If biotechnology is the use of living cells and molecules to make biological products, does this mean all companies producing biological products or solutions are classified as a biotech?
Investopedia defines a biotech company as an organisation that uses live organisms such as bacteria or enzymes to manufacture drugs, whereas pharmaceutical companies use only chemical and generally artificial materials. Another financial website, thestreet.com, defines biotech as a development-stage company in the life science space.
Blue Latitude Health spoke to three industry leaders to build a modern definition of biotech today and demonstrate why these definitions are not fit for purpose in today’s market.
Technology – to solve complex human challenges
“Biotechs will start with one scientist and some technology – that is your DNA as an organisation. Then we ask are we adding value here?” This is the starting point for a biotech in the mind of Olav Hellebo, CEO of ReNeuron, a leading, clinical-stage stem cell business. Two words in this statement are worth highlighting – technology and value.
In pharma there is a tendency for certain technologies to become the focus of intense development efforts, due to the scale of the opportunity they present in relation to their therapeutic benefit (e.g statins, PD-1s or TNFs). In biotech, the focus is often on the science and the value of the technology defined by its ability to solve complex health problems.
Nancy Hunter, Marketing Director for a leading pharmaceutical company, explains: “Biotech is a conduit to solve worldwide health problems at an overarching level. What I like about the industry is its ability to always push the boundaries, whether it’s developing new science, looking at issues from a pioneering angle or bringing innovation into play.”
An innovative operational model
Traditionally, biotech companies were small and agile, designing systems from the bottom up around the technology. Without legacy systems in place, their processes grew organically with the business and were tailored to meet the specific needs of their technology and patients. However, big pharma is now mimicking this structure with an internal hybrid approach.
Nancy reveals: “I see blurred lines when defining large pharma from biotech and smaller companies. The industry tends to breed change with mergers and restructuring. I believe we will start seeing more hybrid companies and intrapreneurial business units (in which you have a smaller company within a large company) in the future.’’
This model has been put into practice at Sanofi/Genzyme where a specialist unit focuses solely on research and development, while responsibility for maximising commercial value remains with the larger organisation. This can make a real difference when dealing with new classes of treatment.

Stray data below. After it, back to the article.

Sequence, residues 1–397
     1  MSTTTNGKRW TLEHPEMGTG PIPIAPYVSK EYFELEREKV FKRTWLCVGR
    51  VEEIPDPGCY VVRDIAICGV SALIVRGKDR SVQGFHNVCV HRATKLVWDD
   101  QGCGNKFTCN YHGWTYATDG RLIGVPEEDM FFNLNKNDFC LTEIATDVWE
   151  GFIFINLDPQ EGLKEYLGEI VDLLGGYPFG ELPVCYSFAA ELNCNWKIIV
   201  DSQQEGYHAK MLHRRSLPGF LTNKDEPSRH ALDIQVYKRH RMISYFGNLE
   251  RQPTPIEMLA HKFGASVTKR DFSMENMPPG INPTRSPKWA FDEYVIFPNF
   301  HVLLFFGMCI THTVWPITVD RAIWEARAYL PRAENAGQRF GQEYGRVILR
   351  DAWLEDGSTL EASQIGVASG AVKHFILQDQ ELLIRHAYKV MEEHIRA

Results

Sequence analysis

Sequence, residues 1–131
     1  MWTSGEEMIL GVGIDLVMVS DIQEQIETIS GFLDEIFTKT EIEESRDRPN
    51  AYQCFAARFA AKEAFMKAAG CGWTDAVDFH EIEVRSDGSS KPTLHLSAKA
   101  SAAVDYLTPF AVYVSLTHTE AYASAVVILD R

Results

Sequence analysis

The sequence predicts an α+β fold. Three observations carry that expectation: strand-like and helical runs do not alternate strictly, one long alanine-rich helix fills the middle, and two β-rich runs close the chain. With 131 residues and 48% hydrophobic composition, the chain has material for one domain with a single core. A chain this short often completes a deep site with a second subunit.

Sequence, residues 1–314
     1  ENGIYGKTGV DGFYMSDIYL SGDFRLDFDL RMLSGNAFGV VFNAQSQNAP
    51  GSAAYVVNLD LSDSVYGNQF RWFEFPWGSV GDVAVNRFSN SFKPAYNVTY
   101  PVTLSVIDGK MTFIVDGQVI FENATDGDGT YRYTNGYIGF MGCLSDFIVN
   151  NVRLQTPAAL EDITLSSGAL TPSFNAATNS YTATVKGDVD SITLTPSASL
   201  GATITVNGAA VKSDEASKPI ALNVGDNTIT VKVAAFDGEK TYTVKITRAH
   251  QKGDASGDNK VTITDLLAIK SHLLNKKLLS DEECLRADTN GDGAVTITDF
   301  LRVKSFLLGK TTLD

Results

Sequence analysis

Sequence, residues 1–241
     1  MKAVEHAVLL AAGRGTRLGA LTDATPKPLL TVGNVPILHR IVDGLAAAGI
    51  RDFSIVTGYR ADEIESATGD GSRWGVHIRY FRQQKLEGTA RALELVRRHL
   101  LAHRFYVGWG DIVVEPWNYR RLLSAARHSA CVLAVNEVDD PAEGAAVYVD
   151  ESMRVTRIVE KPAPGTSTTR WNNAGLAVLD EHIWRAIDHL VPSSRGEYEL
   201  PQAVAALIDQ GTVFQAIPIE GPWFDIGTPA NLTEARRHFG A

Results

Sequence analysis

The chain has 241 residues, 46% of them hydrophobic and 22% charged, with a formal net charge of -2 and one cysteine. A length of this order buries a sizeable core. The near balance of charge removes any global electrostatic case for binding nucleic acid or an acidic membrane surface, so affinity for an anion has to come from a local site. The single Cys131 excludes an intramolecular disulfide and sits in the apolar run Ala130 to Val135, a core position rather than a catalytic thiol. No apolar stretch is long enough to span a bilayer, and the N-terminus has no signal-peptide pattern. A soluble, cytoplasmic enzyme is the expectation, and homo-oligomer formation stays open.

Culture and values
What happens when you have an entire company focused on one problem? When that problem is how to leverage science to improve the lives of a specific group of patients, we start to get to the core of what is different about biotech.
“You’re helping a person in that community have a better quality of life or get back to normal baseline health,” says Nancy. “Of course, there is the business aspect but this is a people business, not a drug business. In rare disease, there may not be many patients, but there is certainly a lot of opportunity to make a difference in patients’ lives.”
In biotech organisations, with small headcounts, everyone from the C-suite to the lab-bench is focused on a single goal of solving the healthcare problems of real people. That is not to say big pharma are not as dedicated to the goal to save and transform lives as biotech companies – the drive is simply different.
James Oughton is Global Medical Information Leader at a large pharmaceutical company, which has recently partnered with a smaller biotech organisation, he explains: “There is certainly a level of emotional investment that is hard to get in a large company. If you follow the company, as an employee, from the outset, it’s more likely that you are going to be heavily invested in the company.”
In an age of often cynical corporate altruism, with start-ups tempting employees with lower salaries but a grandiose mission statement, the deeply personal and emotional goals of biotechs can have a huge impact on their output.
So what is a biotech? Is it a company built around a patient-centric mission to leverage biotechnology to solve healthcare problems? Or is it just a startup in the biopharma industry?
We explore this idea in our new eBook where we interview six trailblazers to dig deeper into what it means to be a biotech, including the commercial challenges and opportunities in 2018 and beyond, revealing how those at the forefront of innovation are operating in rapidly changing environments with the unified aim of improving complex markets.
Our interviews cover the strategic challenges and opportunities faced by biotech organisations today, including:
Blue Latitude Health is an innovative and independent creative consultancy, made for modern healthcare. Combining the commercial focus of a consultancy with the creativity of an agency, we operate globally and regionally at a brand, portfolio and organisational level.
Since 2003, we’ve worked with the world’s leading life science companies, in more than 35 countries across the globe, to change beliefs and behaviours in healthcare.
Our collaborative and agile approach combines strategic rigour with precise customer insights and winning creativity to make a tangible commercial difference.
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